He had a slew of at will powers (3 or 4, mostly quite similar—roll to hit, do some damage), and an encounter power (roll to hit, do some damage and slow the target IIRC) and a choice of two daily powers (Sleep, and Acid Arrow—I guess I can remember these two since they've been around since before 2008). I chose Sleep. Seemed the no brainer, but afterwards I was thinking I might have been better off with yet another 'roll to hit, do damage' effects, since it had bigger damage. Sleep allows victims a save every round until they recover. File this one away with energy drain and rust monsters, I guess.

Anyway, back to my pre-gen Wizard. I'm supposedly the “Controller” who plies the battlefield, cutting off routes of attack to our foes, and cordoning them off into easily managed units for the tanks—I mean Defenders, and Strikers. But looking at my list of abilities (damage one target x3, damage a small group x1, slightly incapacitate and annoy x1), there really wasn't much I could do most of the time except try to hit things for damage, just like everyone else.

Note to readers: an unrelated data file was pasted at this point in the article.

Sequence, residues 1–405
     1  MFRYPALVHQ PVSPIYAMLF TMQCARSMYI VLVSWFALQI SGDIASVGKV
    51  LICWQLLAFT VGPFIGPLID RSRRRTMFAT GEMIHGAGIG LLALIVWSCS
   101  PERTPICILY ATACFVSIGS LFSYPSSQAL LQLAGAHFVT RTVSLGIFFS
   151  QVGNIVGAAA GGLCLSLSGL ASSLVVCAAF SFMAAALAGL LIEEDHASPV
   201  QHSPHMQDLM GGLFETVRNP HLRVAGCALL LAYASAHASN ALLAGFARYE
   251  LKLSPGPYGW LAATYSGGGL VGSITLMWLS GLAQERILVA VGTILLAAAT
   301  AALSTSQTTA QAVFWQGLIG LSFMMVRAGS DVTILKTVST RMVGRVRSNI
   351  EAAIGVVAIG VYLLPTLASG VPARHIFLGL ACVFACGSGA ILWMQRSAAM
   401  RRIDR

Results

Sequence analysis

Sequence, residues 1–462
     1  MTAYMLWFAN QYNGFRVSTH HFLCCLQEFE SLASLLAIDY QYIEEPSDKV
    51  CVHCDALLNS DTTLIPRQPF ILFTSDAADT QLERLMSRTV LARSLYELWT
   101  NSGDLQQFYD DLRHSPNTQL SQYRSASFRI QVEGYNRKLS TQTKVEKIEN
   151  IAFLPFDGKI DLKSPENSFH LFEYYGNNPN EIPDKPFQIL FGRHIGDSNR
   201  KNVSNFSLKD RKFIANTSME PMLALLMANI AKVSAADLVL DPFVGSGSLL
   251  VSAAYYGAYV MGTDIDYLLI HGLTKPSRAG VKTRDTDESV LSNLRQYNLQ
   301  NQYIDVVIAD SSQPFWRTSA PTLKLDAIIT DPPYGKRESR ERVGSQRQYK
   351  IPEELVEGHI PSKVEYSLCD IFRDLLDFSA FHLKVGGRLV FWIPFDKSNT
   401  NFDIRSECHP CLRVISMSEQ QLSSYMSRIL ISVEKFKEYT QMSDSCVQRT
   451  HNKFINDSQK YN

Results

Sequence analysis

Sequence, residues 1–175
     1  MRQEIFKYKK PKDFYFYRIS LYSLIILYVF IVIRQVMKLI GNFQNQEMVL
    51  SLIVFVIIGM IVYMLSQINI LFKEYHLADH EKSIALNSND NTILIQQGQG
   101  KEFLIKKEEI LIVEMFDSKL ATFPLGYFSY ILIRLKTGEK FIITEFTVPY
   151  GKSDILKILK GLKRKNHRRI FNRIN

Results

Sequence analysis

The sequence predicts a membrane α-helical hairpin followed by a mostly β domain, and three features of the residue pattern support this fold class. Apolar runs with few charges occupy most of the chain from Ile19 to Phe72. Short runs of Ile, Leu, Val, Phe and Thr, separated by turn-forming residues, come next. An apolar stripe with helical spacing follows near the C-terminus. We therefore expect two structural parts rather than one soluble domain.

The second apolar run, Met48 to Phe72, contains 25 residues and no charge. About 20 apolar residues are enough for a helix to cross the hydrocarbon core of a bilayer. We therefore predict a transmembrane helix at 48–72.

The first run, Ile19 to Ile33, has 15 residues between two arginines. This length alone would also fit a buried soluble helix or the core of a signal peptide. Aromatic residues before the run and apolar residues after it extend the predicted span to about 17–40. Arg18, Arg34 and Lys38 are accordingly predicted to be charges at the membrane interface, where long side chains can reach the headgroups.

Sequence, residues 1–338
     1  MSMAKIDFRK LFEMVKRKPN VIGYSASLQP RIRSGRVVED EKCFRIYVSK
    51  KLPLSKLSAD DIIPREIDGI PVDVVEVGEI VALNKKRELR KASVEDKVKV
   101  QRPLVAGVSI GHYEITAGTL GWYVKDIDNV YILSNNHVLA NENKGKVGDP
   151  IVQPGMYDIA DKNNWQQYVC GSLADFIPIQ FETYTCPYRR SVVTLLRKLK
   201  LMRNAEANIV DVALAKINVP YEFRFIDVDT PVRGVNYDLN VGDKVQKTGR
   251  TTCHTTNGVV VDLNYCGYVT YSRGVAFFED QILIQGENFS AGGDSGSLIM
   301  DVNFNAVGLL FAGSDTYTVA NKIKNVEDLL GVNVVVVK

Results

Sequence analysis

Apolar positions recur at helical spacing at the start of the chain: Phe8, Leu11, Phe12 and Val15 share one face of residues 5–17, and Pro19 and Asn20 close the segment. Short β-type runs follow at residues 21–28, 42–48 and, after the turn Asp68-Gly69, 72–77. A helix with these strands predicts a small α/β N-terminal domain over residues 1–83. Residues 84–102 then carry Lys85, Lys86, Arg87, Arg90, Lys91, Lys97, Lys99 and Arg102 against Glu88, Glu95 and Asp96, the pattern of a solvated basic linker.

The battle played out like this. Waves of goblins attack, mostly minions, but a few with staying power, including a few hidden snipers. Most of us are just going through a select power, roll to hit, roll for damage routine. Not really different than a D&D combat in any edition, with the exception of everyone having to take a minute or two to ponder 'powers' like spellcasters often do in older editions.

Then we spot some more mook goblins up the path, and a goblin spellcaster with guards beyond them. Well, I'm supposed to be the controller, right? And I've got 15 hit points at 1st level, and a fairly decent AC (my Int being better than my Dex, that got added—so why do I need Dex? Oh yeah, already mentioned that above. Sorry!). I figure I can move up, Sleep the spellcaster and guards, then play defensive until I can get away from the mook goblins and back to the relative safety of the party.